Last Updated Jan 29, 2010 6:11 AM EST
I discussed this case and its implications with Mr. Will Barry of the law firm Richards Kibbe & Orbe LLP is an expert on compliance for individuals and corporations with the FCPA and practices out of Washington DC. He makes it clear that their has been a shift in focus of the FCPA away from targeting corporations and to their employees. He believes this is being done "because it is a more effective deterrent and because it helps build the cases against the companies those individuals work or worked for."
In the recent case the employees were not necessarily senior managers or officers of the companies involved but the FCPA "incorporates the concept of "willful blindness." This concept leads to circumstances where officers might be charged even though they were not actually involved, if they were aware of a high probability that funds would be used for bribing foreign officials." Furthermore the corporation is also liable to the Securities and Exchange Commission (SEC) as they have pursued "control person" liability in the past. The arrest of these individuals will only allow further investigation and scrutiny of their employers and their potential participation in the FCPA violation.
This case represents a shift in enforcement as in the past the U.S. Government relied on self reporting or competitors raising issues this is a much more "proactive approach and employing more traditional law enforcement methods to develop cases against individuals with the hope that those individuals will cooperate and provide additional evidence against others or the companies for which they work or worked." Mr. Barry also said that the Justice Department has begun to focus more on individuals in these cases rather then just the companies.
Despite some major U.S. companies such as KBR (KBR) and Halliburton (HAL) being charged and settling with the U.S. Government the big Government contractors due to their size and capabilities have had time to build up a compliance infrastructure and training program. This case involved more smaller companies and they may not necessarily had the resources or time to build up a compliance system. Mr. Barry said that "Companies have to work diligently to put systems in place to make sure their employees understand what they can and cannot do."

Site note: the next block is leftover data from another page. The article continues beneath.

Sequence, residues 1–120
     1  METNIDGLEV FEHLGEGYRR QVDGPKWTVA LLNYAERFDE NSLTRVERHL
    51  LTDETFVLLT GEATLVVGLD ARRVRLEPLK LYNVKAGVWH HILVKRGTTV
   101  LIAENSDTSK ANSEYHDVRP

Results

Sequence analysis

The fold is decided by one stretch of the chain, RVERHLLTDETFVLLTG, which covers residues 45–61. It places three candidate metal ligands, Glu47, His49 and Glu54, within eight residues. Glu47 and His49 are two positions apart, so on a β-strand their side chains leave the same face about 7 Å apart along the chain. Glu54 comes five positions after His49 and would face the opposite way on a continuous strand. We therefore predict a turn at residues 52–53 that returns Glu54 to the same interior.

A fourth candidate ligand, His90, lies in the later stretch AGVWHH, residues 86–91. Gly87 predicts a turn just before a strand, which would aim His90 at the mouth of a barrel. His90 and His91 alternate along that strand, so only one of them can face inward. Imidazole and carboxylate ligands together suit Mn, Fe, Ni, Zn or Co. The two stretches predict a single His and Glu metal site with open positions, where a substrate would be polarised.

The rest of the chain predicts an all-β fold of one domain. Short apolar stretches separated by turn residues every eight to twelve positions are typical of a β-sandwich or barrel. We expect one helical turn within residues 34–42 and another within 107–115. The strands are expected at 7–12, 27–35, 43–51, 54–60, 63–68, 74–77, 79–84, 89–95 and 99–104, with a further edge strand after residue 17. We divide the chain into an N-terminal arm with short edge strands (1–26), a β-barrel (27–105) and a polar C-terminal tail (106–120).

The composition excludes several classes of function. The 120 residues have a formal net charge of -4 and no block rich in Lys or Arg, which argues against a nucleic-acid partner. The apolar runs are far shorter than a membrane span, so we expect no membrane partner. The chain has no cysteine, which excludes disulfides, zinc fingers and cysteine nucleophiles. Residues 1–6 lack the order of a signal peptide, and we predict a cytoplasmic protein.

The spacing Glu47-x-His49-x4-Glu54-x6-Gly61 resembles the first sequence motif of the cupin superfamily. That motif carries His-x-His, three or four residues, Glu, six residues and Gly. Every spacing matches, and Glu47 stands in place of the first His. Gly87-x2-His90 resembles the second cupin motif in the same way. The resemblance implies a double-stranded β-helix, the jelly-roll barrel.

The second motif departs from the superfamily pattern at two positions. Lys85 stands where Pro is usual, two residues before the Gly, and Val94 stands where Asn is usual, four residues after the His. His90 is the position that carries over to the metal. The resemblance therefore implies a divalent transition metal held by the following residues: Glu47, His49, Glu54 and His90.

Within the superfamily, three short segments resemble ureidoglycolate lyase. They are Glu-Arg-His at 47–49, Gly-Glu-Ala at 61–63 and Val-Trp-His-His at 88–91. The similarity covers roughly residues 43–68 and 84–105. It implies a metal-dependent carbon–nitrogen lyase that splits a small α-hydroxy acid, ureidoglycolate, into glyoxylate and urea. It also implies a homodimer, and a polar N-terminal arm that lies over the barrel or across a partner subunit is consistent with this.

If the U.S. defense budget does actually decline after 2011 there will be a greater focus on foriegn contracts to make up the lost business. Middle Eastern and Asian countries possess resources to buy new, modern Western equipment. As Mr. Barry says "The greater the competition for overseas business the more likely that corrupt foreign officials will demand payment for awarding bids or doing deals." There is always a chance that U.S. companies may not be competitive with those of other countries if they are willing to take a chance to violate a law like the FCPA that a U.S. corporation cannot. Mr. Barry believes that this issue will be resolved as "other jurisdictions are beginning to follow the lead of the U.S. and the OECD and implement foreign bribery prohibitions. This will help "level the playing field" over time."
The use of bribery and corruption in arms dealing has a long and infamous history. The FCPA and laws like it in other countries certainly go a long way to end the practice. As more nations adopt similar laws it will only help the competitiveness of defense contractors and make sure that tax dollars are being used appropriately and getting the best value in defense systems and capabilities. The recent change in focus by the U.S. Justice Department to charge individuals first seems to be an effective way to increase enforcement.